US push against Iran highlights differences between Washington, EU
ISTANBUL - An effort by the United States to forge a broad international alliance against Iran’s influence in the Middle East has highlighted a widening gap between Washington and its Western European allies as well as NATO partner Turkey.
The Trump administration and Israel used a meeting in Warsaw to warn that Iran poses a danger and to trumpet a coalition that includes Washington, the Jewish state as well as Arab countries such as Saudi Arabia, the United Arab Emirates, Bahrain, Qatar, Kuwait, Yemen and Jordan.
The initiative was overshadowed by disagreements between the United States and its European allies over how to deal with Iran. US Vice-President Mike Pence called on Europeans to follow Washington’s lead in leaving the international nuclear agreement with Tehran, a demand immediately rejected by Germany. European powers are determined to stick with the 2015 pact.
“I doubt the meeting helped much with advancing Washington’s agenda,” said Ali Vaez, director of the Iran project at the International Crisis Group. “The Europeans remain steadfast in their commitment to the nuclear deal and the anti-Iran Club of Four (the United States, Israel, the United Arab Emirates and Saudi Arabia) did not expand,” Vaez said via e-mail.
As the Warsaw conference was winding up February 14, Russia, Iran and Turkey convened a trilateral summit in Sochi, Russia, to strengthen an alliance that is eager to hasten the US military exit from Syria and reduce Washington’s role elsewhere in the region.
“You can’t achieve peace and stability in the Middle East without confronting Iran,” US Secretary of State Mike Pompeo said before talks with Israeli Prime Minister Binyamin Netanyahu on the sidelines of the Warsaw conference.
Netanyahu spoke of a “historical turning point” in Poland. “In a room of some 60 foreign ministers and representatives of dozens of governments, an Israeli prime minister and the foreign ministers of the leading Arab countries stood together and spoke with unusual force, clarity and unity against the common threat of the Iranian regime,” he said.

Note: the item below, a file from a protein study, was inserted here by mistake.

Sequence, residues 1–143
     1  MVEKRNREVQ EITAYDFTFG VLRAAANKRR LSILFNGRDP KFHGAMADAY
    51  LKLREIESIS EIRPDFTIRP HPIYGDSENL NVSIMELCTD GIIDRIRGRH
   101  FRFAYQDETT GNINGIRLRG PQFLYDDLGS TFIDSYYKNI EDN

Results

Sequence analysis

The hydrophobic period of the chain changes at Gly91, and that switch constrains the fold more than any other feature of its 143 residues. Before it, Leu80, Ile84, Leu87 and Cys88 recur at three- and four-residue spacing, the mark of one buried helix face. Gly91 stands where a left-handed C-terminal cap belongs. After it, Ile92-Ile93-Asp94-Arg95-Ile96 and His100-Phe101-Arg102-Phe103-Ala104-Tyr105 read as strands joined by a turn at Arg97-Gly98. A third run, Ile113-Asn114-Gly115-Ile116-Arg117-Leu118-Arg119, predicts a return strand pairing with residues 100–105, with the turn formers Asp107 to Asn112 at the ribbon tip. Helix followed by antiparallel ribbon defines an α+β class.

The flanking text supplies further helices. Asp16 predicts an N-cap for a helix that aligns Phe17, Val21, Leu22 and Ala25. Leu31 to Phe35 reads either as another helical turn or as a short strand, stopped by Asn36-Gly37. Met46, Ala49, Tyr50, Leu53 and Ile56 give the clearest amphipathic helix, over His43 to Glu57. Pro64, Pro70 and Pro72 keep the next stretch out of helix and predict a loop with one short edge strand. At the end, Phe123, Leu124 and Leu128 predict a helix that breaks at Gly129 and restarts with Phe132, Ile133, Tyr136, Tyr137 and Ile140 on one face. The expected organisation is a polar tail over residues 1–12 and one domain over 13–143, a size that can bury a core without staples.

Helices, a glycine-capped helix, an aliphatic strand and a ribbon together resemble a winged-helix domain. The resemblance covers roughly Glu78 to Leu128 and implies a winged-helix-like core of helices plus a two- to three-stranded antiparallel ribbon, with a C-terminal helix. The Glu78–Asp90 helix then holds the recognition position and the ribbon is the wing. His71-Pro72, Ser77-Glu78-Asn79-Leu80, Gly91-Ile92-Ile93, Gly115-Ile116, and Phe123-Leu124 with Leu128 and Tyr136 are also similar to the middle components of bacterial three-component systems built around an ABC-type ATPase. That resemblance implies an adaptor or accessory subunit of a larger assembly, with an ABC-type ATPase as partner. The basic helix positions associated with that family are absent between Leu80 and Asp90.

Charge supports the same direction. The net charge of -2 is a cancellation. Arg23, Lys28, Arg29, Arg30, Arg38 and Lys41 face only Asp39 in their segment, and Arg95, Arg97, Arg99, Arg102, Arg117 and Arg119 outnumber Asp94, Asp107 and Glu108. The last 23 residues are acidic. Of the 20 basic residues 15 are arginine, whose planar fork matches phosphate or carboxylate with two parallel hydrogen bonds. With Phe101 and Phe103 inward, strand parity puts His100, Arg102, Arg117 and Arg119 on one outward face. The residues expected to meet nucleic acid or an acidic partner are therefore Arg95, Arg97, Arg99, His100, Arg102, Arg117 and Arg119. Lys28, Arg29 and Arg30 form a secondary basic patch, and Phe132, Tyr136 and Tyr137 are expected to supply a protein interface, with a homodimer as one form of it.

Netanyahu raised eyebrows before the conference by releasing a message that included a reference to a “common interest of war with Iran.” The wording was later changed to “combating Iran.”
Iranian Foreign Minister Mohammad Javad Zarif responded to Netanyahu’s choice of words by commenting on Twitter: “We’ve always known Netanyahu’s illusions. Now, the world — and those attending #WarsawCircus — know, too.”
Iranian President Hassan Rohani blamed the United States and its allies for a suicide bombing in southeastern Iran that killed 27 members of the Islamic Revolutionary Guard Corps (IRGC). The force said a vehicle laden with explosives was used to attack a bus transporting IRGC members in Sistan-Baluchistan province.
The Warsaw conference was part of a US strategy to build an international front involving Israel and Arab allies to counter Iran, seen by Washington as the main source of instability in the Middle East. The United States pulled out of the nuclear deal with Iran last year, arguing that the international community needed to employ a tougher approach to confront Tehran.
The meeting in Poland was weakened by the refusal of Russia, EU foreign policy chief Federica Mogherini and major EU powers to take part.Iran was not invited to the Warsaw conference.
Moscow and the European Union want to keep the nuclear deal with Iran alive and France, Germany and the United Kingdom, while condemning Tehran’s ballistic missile programme, have opened a new channel for non-dollar trade with Iran to sidestep US sanctions and keep the nuclear deal afloat. Turkey has told Iran it is ready to join the European trade mechanism, the Iranian Mehr news agency reported.
Pence accused Washington’s European allies of trying to break US sanctions against Tehran. Some leading US partners in Europe “have led the effort to create mechanisms to break up our sanctions,” he said in Warsaw.
Another major player missing in the Warsaw meeting was Turkey, a NATO member and neighbour of Iran. Turkish President Recep Tayyip Erdogan travelled to Sochi to meet with Rohani and Russian President Vladimir Putin while leaving it to the Turkish Embassy in Warsaw to follow events in the Polish capital. Turkey is opposed to US sanctions against Iran and has criticised Washington’s decision to leave the nuclear deal.
Erdogan joined Putin and Rohani in listing priorities that highlighted Turkish-US differences.
Speaking before a meeting with Putin, Erdogan stressed his aim of driving a Syrian-Kurdish militia allied with the United States away from the border.
Putin said a US withdrawal from Syria would be “a positive step that would help stabilise the situation in this region, where ultimately the legitimate government should re-establish control.” Rohani said the US decision to leave Syria was “good news.”